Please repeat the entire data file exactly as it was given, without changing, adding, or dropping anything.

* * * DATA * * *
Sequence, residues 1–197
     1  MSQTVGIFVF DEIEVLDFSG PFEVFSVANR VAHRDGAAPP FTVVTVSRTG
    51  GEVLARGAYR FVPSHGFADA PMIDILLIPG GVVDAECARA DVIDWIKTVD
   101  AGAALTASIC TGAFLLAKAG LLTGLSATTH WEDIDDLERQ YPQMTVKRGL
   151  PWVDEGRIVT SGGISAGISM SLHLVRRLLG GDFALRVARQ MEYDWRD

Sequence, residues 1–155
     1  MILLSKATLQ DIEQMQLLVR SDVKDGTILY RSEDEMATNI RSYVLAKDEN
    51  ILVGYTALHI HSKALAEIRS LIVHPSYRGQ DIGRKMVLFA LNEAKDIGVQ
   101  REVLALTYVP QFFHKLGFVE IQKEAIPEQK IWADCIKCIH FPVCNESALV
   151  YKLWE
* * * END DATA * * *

Sequence, residues 1–197
     1  MSQTVGIFVF DEIEVLDFSG PFEVFSVANR VAHRDGAAPP FTVVTVSRTG
    51  GEVLARGAYR FVPSHGFADA PMIDILLIPG GVVDAECARA DVIDWIKTVD
   101  AGAALTASIC TGAFLLAKAG LLTGLSATTH WEDIDDLERQ YPQMTVKRGL
   151  PWVDEGRIVT SGGISAGISM SLHLVRRLLG GDFALRVARQ MEYDWRD

Sequence, residues 1–155
     1  MILLSKATLQ DIEQMQLLVR SDVKDGTILY RSEDEMATNI RSYVLAKDEN
    51  ILVGYTALHI HSKALAEIRS LIVHPSYRGQ DIGRKMVLFA LNEAKDIGVQ
   101  REVLALTYVP QFFHKLGFVE IQKEAIPEQK IWADCIKCIH FPVCNESALV
   151  YKLWE